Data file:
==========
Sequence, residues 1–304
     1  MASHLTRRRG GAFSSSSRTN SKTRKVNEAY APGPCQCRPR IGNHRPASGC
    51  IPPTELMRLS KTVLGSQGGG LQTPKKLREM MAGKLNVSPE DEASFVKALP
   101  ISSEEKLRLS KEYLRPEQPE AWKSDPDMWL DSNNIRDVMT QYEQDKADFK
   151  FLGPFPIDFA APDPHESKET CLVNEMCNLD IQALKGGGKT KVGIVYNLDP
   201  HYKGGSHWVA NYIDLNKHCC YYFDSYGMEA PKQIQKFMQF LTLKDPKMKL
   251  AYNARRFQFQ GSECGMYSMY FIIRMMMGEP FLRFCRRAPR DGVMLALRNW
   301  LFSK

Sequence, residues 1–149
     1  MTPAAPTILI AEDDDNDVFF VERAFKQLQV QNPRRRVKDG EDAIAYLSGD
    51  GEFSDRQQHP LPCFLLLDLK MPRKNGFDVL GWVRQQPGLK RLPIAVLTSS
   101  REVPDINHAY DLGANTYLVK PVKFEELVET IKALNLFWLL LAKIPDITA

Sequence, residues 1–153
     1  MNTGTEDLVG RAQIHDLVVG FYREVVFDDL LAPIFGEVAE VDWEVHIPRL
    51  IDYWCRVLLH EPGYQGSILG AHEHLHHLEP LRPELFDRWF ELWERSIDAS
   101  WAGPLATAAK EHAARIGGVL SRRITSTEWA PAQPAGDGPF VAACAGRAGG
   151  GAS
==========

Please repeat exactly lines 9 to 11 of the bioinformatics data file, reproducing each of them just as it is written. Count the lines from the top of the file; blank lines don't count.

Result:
Sequence, residues 1–149
     1  MTPAAPTILI AEDDDNDVFF VERAFKQLQV QNPRRRVKDG EDAIAYLSGD
    51  GEFSDRQQHP LPCFLLLDLK MPRKNGFDVL GWVRQQPGLK RLPIAVLTSS